If we are to be holy, we should guard our eyes very carefully.
This is taken from the reflection on Christ’s words from the Sermon on the Mount: “You have heard that it was said, ‘You shall not commit adultery.’ But I say to you that everyone who looks at a woman lustfully has already committed adultery with her in his heart” (Mt 5:27-28).
John Paul II acknowledged that these are severe words. But he asked, are we to fear the severity of these words, or rather have confidence in their power to save us? (see Theology of the Body, Oct 8, 1980). These words have power to save us because the one who speaks them is the “Lamb of God who takes away the sin of the world” (Jn 1:29).
Lust obscures God’s original plan
Most people see in Christ’s words only a condemnation. Do we forget that Christ came into the world not to condemn, but to save? (see Jn 3:17). Christ’s words about lust call us back to the original truth of the body and sexuality. As part of the heritage of original sin, lust obscures in each of us God’s original, beautiful plan for the body and sexual love – but it hasn’t snuffed it out. John Paul II insisted that the heritage of our hearts is deeper than lust and the words of Christ reactivate that deeper heritage giving it real power in our lives (see TOB, Oct 29, 1980).
Imagine the human heart as a deep well. Starting from the top we have to pass through layers of muddy waters. But if we press through, at the bottom of the well we’ll find a spring that, when activated, can gradually fill the well to overflow with pure, living water.
Lustful Look at the Human Body
If we think a “lustful look” is the only way a person can look at the human body, then we subscribe to what John Paul II called “the interpretation of suspicion.” Those who live by suspicion remain so locked in their own lusts that they project the same bondage on to everyone else. They can’t imagine any way to think about the human body and the sexual relationship other than through the prism of lust.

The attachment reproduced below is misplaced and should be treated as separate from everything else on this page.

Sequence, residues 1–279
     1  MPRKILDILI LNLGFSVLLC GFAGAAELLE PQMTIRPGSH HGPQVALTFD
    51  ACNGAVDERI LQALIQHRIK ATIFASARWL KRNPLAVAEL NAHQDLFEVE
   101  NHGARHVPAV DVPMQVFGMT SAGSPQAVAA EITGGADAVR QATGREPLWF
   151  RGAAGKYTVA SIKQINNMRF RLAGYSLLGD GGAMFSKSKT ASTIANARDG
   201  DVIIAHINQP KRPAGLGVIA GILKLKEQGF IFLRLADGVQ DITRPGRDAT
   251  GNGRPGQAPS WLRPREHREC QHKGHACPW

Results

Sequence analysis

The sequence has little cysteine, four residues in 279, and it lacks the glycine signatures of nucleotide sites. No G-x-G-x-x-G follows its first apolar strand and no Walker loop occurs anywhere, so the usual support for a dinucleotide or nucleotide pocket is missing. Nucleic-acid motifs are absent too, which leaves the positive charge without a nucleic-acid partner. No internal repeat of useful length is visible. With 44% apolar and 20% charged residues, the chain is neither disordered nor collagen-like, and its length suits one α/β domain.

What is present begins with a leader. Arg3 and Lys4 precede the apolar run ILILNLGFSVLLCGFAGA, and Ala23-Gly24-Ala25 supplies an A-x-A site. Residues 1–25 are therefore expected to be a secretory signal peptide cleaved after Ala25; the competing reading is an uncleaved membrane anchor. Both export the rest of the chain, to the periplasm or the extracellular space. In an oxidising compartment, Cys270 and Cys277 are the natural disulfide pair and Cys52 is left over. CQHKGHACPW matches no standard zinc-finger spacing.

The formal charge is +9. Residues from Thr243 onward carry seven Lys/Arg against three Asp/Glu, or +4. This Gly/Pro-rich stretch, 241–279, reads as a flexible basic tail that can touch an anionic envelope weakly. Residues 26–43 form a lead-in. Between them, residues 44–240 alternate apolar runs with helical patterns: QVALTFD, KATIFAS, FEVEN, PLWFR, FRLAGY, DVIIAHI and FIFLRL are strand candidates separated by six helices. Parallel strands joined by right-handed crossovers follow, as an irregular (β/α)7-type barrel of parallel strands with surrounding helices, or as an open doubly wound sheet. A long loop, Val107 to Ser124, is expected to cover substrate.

When we hold the human heart in a state of irreversible suspicion because of lust, we condemn ourselves to a hopeless, loveless existence. As St. Paul warns us, we must avoid the trap of “holding the form of religion” while “denying the power of it” (2 Tim 3:5). “Redemption is a truth, a reality, in the name of which man must feel called, and called with efficacy” (TOB, Oct 29, 1980). In other words, the death and resurrection of Christ is effective. It can change our lives, our attitudes, our hearts. Yes – Christ’s death and resurrection can change the way we experience sexual desire, away from lust and toward the truth of divine love.
The Interpretation of Suspicion
Much is at stake. As John Paul II stated, “The meaning of life is the antithesis of the interpretation ‘of suspicion.’ This interpretation is very different, it is radically different from what we discover in Christ’s words in the Sermon on the Mount.” Christ’s words about lust “reveal …another vision of man’s possibilities” (Oct 29, 1980). Christ’s words reveal the possibility of loving as God loves – not despite our sexuality but in and through it.
John Paul II observed that this demands “perseverance and consistency” in learning the meaning of our bodies, the meaning of our sexuality. We must learn this not only in the abstract (although this, too, is necessary), but above all in the interior reactions of our own “hearts.” This is a “science,” the Pope said, which can’t really be learned only from books, because it’s a question here of deep knowledge of our interior life.
Deep in the heart we learn to distinguish between what, on the one hand, composes the great riches of sexuality and sexual attraction, and what, on the other hand, bears only the sign of lust. And although these internal movements of the heart can sometimes be confused with one another, we have been called by Christ to acquire a mature and complete evaluation.